There’s one other setting worth noting that can affect the numbers and comparisons – identity for reporting purposes.  

Depending on whether we choose device-based, blended, or observed identities, Google will recognize users differently and it will also have a different approach to the topic of data modeling (i.e. based on artificial intelligence – adding data that was not collected due to lack of consents in our CMP tool).  

This setting works retroactively – we can check how identity changes affect the data and go back to the previous version. Each setting has its pros and cons, which you can read more about HERE.    

We also recommend that you create a file called “conditions for analysis”, which contains the settings you need to check before starting the analysis. This will ensure that those reporting have the same tool settings, which will affect the quality of the data.      

The hottest words in analytics in 2024 are: modeled data and Consent Mode v2. The law requires site and store owners to collect consents for data processing. If a user doesn’t consent to tracking, GA4 can send anonymous pings to their sites to model that data using AI.   

Needless to say, modeled data can be our ally (they provide more data for other algorithms, which can use it to better understand potential users and show them more relevant ads). They can also increase the number of conversions/transactions in GA4. Unfortunately, we cannot check which transactions were modeled. We can partially work around this by switching identities for reporting and analyzing the differences.      

Data processing   

The counted data needs to be sent to the server and processed. This can take anywhere from a few to 48 hours (the GA4 360 version processes the data much faster). Unfortunately, we can’t see when the last synchronisation took place, or whether all the data has been processed correctly.     

As a result, when we run comparisons over the last 2 days, we may see discrepancies because some data is already processed and visible in the report and some is not. The solution to this problem is, of course, not to include the last 2 days of data in the analysis.    

Cross-market comparison   

For companies operating in multiple markets, the problem can also arise when comparing data between markets. Checking the data in CRM and Google Analytics may show that the discrepancies between markets are large. This is because we use the default Country dimension for such comparisons.    

Google recognizes user’s location based on their IP address and other signals indicating their location. In some cases, this location may not be accurate.    

The solution here is to pass the custom “market” parameter to the data layer, which allows you to be independent of how Google recognizes a user’s location and assign specific sessions and, subsequently, conversions to the appropriate market.    

Technology, browsers, and adblocks  

GA4 tags and Google Ads (but often other marketing tools as well) work based on codes injected into the page using Java Script. Technological considerations can cause problems in properly counting each user activity.    

For example, users using the Brave browser, or various types of adblockers, can block JS scripts, and in the case of some of them (adblock plus) also the entire GTM container. Of course, in such a situation, no data will be transferred to the tracking tools, while transactions/conversions can be properly sent to the CRM. In such a case, it’s a good idea to pass browser information to the CRM – so as to be able to compare it to GA4 data later.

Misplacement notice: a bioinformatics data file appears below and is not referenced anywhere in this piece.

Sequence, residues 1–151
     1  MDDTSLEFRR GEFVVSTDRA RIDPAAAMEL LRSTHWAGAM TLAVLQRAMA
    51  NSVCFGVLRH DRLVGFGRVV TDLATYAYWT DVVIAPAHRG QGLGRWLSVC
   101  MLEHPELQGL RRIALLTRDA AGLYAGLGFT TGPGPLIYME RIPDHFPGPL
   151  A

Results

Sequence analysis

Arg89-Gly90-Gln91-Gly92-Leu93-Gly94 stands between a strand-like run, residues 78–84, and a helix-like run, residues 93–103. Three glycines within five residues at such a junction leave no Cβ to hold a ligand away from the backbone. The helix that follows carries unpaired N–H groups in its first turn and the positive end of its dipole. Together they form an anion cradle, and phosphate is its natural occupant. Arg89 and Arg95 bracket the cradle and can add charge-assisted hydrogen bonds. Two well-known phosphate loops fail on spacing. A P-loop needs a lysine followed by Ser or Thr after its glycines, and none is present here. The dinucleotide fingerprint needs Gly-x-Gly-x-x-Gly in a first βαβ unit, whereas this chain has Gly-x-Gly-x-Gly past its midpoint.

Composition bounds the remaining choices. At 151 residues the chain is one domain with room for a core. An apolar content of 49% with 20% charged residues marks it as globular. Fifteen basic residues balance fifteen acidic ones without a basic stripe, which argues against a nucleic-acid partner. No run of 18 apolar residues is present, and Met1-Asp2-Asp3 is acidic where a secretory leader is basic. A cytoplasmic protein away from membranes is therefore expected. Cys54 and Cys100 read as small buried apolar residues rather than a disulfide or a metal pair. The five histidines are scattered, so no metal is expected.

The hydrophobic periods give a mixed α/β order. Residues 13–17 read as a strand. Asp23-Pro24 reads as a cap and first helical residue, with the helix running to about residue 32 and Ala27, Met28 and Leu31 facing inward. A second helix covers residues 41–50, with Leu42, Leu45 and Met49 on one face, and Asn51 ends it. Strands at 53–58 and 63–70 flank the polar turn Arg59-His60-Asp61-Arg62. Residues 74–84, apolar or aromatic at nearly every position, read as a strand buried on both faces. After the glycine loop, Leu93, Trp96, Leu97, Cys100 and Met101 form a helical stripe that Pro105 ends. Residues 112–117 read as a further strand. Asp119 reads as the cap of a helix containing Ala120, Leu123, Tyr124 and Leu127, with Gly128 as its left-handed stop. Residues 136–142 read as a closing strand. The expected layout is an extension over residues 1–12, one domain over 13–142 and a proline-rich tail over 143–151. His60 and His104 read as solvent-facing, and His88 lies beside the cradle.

Payment gateways vs. differences in data 

 Users often do not return to the “thank you” page after paying, and some forms of payment take the user out of the domain – this can cause problems:     

  • after returning from the gateway, the traffic will be attributed to a different source (e.g. a particular bank’s referral source 
  • the transaction may not be properly recorded 

The solution may be to fire an additional event: purchase without payment, which is triggered before going to the payment gateway. Of course, this solution will give us information about the entire process, not the final transaction – we will often see a few percent more realizations of such a goal than will be completed.    

GTM settings and configuration errors   

A common error is a configuration error, such as deleting data that appeared in the data layer the day before, or blocking it during changes to the site, application or system. Another category of errors are changes to identifiers, classes, visible elements, html selectors – if we’ve based our implementation on them, it’s more likely to be affected by the page changes.      

The final sub-category is changes to the tools themselves: GA4 and GTM or other marketing tools. These may also cause some items to be counted incorrectly.     

Cyclical checking of the configuration, correctness of the data layer, testing of scenarios, triggers, variables in the GTM – this is the basis. Maintaining the implementation is one of the key elements for correct data counting and effective analysis.    


Differences in conversion and transaction count data between analysis tools can be… a completely normal occurance. Often the differences are not due to configuration errors.    

To be consistent in your analysis, it is worth preparing:       

  • Reporting assumptions – a document that shows which reports are key to evaluating certain situations. For example, we might state that we evaluate Google Ad campaigns based on conversions from the Google Ad Panel and the number of new users from the User Acquisition report. Writing down the settings for each tool/report will save us a lot of time explaining and checking the reasons for discrepancies.    
  • Definitions of specific reports/metrics/dimensions – so that specific people know what they mean, as often “conversion” is a term meaning diametrically opposed things in different tools. A database of definitions is a useful tool for any data team.     
  • The process of maintaining the implementation – we want to make sure that we check the implementation so that something that worked yesterday will still work tomorrow, and more importantly, so that we’ll know if it stops working. It’s useful to have implementation documentation – a description of how we’ve configured the tool. 

Another problem is finding configuration errors and where they occur. Often such a conundrum is like looking for the proverbial needle in a haystack – in my next article I will describe how to approach this problem and how to structure the search for that needle.